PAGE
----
It was interesting to note how small cars stole the show last month. While checking out U.S. auto sales data, my attention unconsciously leaped miles away to a nation that's known as the place for compact cars -- India.
A huge market in itself, India is attracting automakers from all across the globe. So how far have auto majors managed to make their presence felt in this emerging market? What are their latest plans? I thought of digging a little deeper to get the answers.
Compact and affordable cars account for a whopping 70% of the total cars sold in India. Less road space and a higher number of middle-class families are key driving factors. India is currently the sixth biggest car market in the world and, according to a McKinsey report, it could climb up to third place by the end of the decade. The Society of Indian Automobile Manufacturers has predicted a double-digit increase in passenger car sales in India this year. It won't be wrong to expect most of that growth coming from the small-car segment.
With India's central bank resorting to rate cuts after a while, and other banks following up with a reduction in auto lending rates, car sales look set to shoot up further in the near future. Here's a look at some of the automakers vying with each other to grab a piece of the pie...
The behemoths fighting
General Motors (NYSE: GM ) has definitely made it big in the country. Its sales in India were up around 13% last month, driven primarily by its hatchback unit, the Chevrolet Beat. GM is now working hard to get a double-digit share of the Indian market (it accounted for roughly 6% of total passenger car sales in 2011). Some of its latest plans include:
- Investing $500 million by the end of this year, doubling capacity at two of its factories.
- Intensifying focus on small cars. The company is set to roll out Sail, its fourth small car in the nation, in the latter half of this year.
- Aggressively expanding its sales and services network in the country.
While GM seems to be doing a good job in India, Ford (NYSE: F ) still has some work to do. Ford didn't really take India's small-car market seriously, and paid for it in a big way. For instance, Hyundai, which entered India a year after Ford did, has already become the second largest player in the country, largely because of its push for small cars. Thankfully, Ford seems to have realized its mistake before it's too late, and now has some plans in place for the next few years, some of which include:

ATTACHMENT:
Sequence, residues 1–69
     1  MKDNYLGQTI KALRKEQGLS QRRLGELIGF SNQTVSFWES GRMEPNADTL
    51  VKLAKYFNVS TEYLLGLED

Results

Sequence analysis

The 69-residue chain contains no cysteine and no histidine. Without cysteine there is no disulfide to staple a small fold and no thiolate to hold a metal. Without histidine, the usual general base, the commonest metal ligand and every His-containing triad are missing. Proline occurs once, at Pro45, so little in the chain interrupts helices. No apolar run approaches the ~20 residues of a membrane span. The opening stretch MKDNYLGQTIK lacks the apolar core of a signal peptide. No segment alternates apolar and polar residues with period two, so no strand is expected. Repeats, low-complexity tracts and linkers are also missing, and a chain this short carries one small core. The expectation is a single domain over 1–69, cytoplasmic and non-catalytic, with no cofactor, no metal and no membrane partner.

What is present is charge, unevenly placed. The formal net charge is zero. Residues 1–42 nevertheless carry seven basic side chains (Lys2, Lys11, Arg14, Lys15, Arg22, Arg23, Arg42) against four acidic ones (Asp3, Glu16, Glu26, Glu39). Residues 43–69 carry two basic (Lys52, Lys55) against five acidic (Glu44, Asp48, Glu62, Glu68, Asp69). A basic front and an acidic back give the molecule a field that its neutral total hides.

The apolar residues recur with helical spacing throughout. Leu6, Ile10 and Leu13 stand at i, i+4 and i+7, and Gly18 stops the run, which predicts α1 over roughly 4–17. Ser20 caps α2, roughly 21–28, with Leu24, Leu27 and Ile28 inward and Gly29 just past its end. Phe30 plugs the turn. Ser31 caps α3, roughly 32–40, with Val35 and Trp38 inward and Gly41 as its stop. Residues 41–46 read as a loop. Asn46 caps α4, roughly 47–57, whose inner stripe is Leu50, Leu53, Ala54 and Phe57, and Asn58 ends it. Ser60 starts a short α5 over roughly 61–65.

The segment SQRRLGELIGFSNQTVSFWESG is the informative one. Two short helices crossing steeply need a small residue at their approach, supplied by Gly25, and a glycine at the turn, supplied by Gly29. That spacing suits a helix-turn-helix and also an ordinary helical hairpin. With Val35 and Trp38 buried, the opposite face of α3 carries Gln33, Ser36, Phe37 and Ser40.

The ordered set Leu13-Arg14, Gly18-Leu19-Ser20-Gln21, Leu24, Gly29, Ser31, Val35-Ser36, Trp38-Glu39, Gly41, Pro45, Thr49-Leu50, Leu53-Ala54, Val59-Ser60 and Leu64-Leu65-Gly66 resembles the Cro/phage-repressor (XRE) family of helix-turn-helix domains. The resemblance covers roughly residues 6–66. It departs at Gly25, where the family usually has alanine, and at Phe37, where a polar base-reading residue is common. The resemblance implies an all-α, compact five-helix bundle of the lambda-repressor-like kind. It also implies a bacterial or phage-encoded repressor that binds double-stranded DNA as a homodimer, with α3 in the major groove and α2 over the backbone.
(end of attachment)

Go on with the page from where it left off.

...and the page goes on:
- Making India its small-car manufacturing hub to cater to much of the Asia-Pacific and Africa region. Ford expects these regions to account for nearly 60%-70% of sales growth by mid-decade.
- Launching several new models, doubling capacity and adding newer destinations (as many as 18 this year) for export of small cars from the country.
- Ford's new $1 billion plant in northwest India will become operational in 2014 and will focus mainly on small cars.
Others in the race
In a bid to grab a bigger chunk of the Indian small-car market, Honda Motor (NYSE: HMC ) launched its second compact car Brio late last year. Within months, the Brio has emerged as a winner for the company, accounting for a whopping 58% of total units sold in March.
Last month, Honda also increased its stake in its Indian subsidiary Honda Siel Cars, as it aims to expand capacity. The company doesn't see much of an opportunity for large vehicles in India, and is now focusing on small cars instead. It believes that India could soon become its third biggest market, overtaking China. Honda now wants to make India the hub for its diesel engines meant for small cars.
As is evident by now, automakers see India as an excellent low-cost manufacturing and exporting hub. Like Ford, Toyota (NYSE: TM ) has also jumped onto the "export from India" bandwagon. It has started exporting its made-in-India compact Etios Liva hatchback (launched last year) to countries such as South Africa. The company's March sales were up an astounding 87%, with Liva recording its highest- ever monthly sales during the period. Toyota is busy increasing capacity in the nation this year.
The Foolish bottom line
The going definitely won't be easy for these foreign players. Local player Tata Motors (NYSE: TTM ) has a big hold in the market and is the third largest automaker, after Maruti Suzuki and Hyundai. Tata's small car Indica reported a 65% surge in sales last month; while sales of the world's cheapest car, Tata Nano climbed 20%. Nevertheless, India remains a huge and relatively untapped market -- the reason we see so many major automakers making the country a priority.
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